Studies on the vector ecology of the American dog tick, Dermacentor variabilis, (Say) (Acari: Ixodidae) in Manitoba, CanadaYunik, Matthew 02 September 2014 (has links)
The American dog tick, Dermacentor variabilis, is an obligate blood feeding ectoparasite. This tick is a known vector of pathogens that affect the health of wildlife, humans, and livestock and is abundant in Manitoba. The etiological agent of bovine anaplasmosis, Anaplasma marginale, along with members of the spotted fever group rickettsiae are bacteria that are transmitted by this tick. I examined the distribution of these bacteria in Manitoba’s tick population using molecular techniques. During the eradication of an outbreak of bovine anaplasmosis in Manitoba, there was no evidence the bacterium had spilled over into the tick population. Rickettsia montanensis was detected with a mean prevalence of infection of 9.8% (range, 0.00 - 21.74% among localities) in 8 of 10 localities within the province. It was also determined that 19.9% (SE ±1.14) of adult questing ticks collected in one vector season overwintered through to the next spring.
Spatial distribution modeling of Dermacentor variabilis ticks under current and future climate change scenariosBoorgula, Gunavanthi Devi Yadav January 1900 (has links)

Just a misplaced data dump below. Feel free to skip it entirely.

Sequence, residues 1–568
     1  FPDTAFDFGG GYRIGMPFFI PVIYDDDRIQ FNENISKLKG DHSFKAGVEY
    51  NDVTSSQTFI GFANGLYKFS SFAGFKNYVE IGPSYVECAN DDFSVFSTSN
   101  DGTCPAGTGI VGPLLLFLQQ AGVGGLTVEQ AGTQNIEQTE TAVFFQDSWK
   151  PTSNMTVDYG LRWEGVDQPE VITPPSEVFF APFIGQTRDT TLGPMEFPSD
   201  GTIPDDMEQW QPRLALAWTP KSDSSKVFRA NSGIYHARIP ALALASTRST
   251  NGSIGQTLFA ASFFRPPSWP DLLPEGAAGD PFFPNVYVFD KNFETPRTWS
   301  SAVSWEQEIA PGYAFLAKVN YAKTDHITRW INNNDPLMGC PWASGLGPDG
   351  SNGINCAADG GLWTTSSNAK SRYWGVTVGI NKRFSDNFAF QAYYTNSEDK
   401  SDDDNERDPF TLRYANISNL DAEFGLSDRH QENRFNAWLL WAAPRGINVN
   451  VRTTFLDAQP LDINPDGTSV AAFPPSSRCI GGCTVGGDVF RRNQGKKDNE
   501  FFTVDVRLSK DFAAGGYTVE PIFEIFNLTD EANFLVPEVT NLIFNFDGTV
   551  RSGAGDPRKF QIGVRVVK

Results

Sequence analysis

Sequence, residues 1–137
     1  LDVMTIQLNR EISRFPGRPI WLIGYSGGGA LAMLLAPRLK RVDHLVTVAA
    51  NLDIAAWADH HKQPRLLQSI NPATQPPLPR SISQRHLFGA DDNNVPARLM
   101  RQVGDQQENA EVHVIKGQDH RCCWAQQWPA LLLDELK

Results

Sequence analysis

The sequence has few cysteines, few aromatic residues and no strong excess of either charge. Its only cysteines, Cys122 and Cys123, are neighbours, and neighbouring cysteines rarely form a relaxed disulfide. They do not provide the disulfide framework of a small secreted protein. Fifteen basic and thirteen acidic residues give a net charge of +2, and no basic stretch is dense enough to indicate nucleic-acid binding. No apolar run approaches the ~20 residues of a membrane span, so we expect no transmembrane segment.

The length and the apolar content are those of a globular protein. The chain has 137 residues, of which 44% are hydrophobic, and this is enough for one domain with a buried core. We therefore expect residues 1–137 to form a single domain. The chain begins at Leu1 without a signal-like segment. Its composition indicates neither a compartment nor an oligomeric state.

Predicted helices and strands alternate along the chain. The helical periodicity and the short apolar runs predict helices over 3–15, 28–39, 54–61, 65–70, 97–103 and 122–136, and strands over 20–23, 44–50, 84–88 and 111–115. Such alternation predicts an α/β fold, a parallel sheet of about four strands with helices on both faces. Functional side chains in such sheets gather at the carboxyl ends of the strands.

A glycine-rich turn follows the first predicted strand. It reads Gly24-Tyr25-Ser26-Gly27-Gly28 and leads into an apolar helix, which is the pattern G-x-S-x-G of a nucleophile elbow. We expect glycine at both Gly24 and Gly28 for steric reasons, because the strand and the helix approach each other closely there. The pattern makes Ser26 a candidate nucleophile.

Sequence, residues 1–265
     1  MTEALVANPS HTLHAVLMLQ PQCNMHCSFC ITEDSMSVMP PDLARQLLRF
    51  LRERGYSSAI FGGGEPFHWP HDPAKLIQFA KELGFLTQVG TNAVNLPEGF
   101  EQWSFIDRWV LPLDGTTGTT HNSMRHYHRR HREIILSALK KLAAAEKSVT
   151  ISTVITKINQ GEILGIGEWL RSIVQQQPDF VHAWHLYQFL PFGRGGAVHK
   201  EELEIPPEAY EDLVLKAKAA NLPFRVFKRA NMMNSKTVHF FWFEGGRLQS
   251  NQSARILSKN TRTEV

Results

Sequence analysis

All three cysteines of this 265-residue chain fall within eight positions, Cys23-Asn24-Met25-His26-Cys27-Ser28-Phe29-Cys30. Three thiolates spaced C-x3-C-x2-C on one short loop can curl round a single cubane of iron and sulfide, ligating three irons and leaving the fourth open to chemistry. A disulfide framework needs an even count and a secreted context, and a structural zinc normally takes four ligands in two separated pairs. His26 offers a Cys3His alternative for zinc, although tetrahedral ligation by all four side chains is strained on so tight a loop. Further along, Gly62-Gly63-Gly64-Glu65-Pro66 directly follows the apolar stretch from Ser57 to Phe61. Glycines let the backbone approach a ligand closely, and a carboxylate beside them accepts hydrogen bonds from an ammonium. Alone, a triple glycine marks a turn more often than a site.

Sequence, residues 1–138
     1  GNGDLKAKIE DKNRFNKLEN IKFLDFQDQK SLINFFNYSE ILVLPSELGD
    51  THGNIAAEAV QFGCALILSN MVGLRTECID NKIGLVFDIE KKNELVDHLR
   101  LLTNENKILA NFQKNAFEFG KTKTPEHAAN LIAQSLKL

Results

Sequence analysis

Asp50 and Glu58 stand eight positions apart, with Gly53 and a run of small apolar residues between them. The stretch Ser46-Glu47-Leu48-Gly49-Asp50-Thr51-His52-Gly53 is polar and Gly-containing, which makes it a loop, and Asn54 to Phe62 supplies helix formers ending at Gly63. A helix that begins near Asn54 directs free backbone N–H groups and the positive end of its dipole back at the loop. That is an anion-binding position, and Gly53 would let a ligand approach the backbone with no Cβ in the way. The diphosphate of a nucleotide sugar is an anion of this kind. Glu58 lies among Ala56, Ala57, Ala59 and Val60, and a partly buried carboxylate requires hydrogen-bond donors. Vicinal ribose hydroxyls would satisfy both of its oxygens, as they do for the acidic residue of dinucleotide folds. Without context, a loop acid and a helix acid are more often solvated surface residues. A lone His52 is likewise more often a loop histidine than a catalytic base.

Master of Science / Department of Diagnostic Medicine and Pathobiology / Ram K. Raghavan / Dermacentor variabilis (Say) (Acari: Ixodidae), commonly known as the American dog tick is a medically important tick species in N. America, which has been implicated as a competent vector for several diseases, including tularemia, bovine anaplasmosis and canine tick paralysis. This tick is also the primary suspect for the transmission of Rickettsia rickettsii, the causative agent of Rocky Mountain spotted fever (RMSF). The spatial distribution and geographic extent of D. variabilis territory in N. America is suspected to have changed in the recent times due to natural and anthropogenic, non-stationary forces. A clear understanding of the spatial distribution and environmental factors contributing to the distribution has public health significance, allowing us to make informed management decisions and for setting robust future research goals aimed at understanding vector-biology and disease management. Additionally, ongoing climate-change is expected to alter species spatial distribution and abundance within distribution range. In this research, I studied the current and likely future spatial distribution of D. variabilis ticks in N. America based on two representative concentration pathways, RCP 4.5 and RCP 8.5, representing lower and higher emission scenarios, respectively, under several global circulation models (GCM). The spatial distribution models were constructed using MaxEnt program and BioClim data was used as environmental data for modeling. Best models were selected based on Partial ROC curves, AIC, and omission rates. Median prediction of these models indicate a wider spread of D. variabilis from its currently known extent, and much further spread as a result of climate change. Different environmental variables that significantly influenced current and future D. variabilis distribution included annual mean temperature, mean diurnal range, maximum temperature of the warmest month, annual precipitation, precipitation seasonality, and precipitation of the wettest quarter.
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